John Sung Shang Chieh
; traditional Chinese
: Sòng Shàng-Jíe
: Sung4 Shang4-Chieh2
) a.k.a. John Sung (29 September 1901 – 18 August 1944) was a renowned Chinese Christian evangelist
who played an instrumental role in the revival movement among the Chinese in Mainland China
, and Southeast Asia
during the 1920s and 1930s.
Sung was born in Hinghwa (now Putian), Fujian, China.
He grew up with a Christian upbringing. His father was a pastor of the local American Wesleyan Methodist Church. Sung also helped his father in church duties. On certain evenings when his father was either too busy or was too ill, Sung would have to lead the sermons as a substitute instead. Because of his early contributions to the church work, many church members referred to him as “Little Pastor”.
However, it took Sung some years of testing before he became the influential evangelist that many knew. In 1920 he was sent to America for his higher education. He studied at Wesleyan University of Ohio and Ohio State University. A brilliant student, he earned a doctorate in chemistry in five years. His chemistry essays and research documents can still be seen in the University library today.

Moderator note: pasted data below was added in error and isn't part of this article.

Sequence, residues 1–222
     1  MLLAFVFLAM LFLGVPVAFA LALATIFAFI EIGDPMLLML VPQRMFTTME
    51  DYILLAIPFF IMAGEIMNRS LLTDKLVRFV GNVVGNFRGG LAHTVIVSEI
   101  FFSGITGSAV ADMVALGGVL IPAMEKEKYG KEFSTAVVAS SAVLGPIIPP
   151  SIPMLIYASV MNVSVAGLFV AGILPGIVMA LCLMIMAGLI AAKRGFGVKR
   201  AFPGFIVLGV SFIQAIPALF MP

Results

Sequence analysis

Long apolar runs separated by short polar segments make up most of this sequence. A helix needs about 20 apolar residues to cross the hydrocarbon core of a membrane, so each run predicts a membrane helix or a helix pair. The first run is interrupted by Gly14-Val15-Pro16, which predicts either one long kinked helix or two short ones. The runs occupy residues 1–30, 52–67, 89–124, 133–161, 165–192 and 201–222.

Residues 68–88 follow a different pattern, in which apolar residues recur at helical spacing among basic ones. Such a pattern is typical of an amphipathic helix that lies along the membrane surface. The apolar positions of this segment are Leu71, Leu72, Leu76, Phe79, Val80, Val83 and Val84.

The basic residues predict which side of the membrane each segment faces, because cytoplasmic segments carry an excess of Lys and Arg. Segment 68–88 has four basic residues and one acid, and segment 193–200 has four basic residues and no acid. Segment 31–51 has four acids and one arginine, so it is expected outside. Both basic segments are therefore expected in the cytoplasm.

Despite the array of career opportunities in front of him, Sung believed that he was called by God to commit himself to work for Jesus Christ. In 1926 he went to Union Theological Seminary in New York for theological studies.
During his period at the seminary (more specifically, on 10 February 1927) John Sung claimed to have received the gift of the Holy Spirit during a time of prayer. He once exclaimed, “This my spiritual birthday! Although I already believed in Jesus since my early childhood days, this new experience is a life changing one for me ”. John Sung described that “The Holy Spirit poured onto me, just like water, on top of my head”, then “The Holy Spirit continuously poured onto me wave after wave”.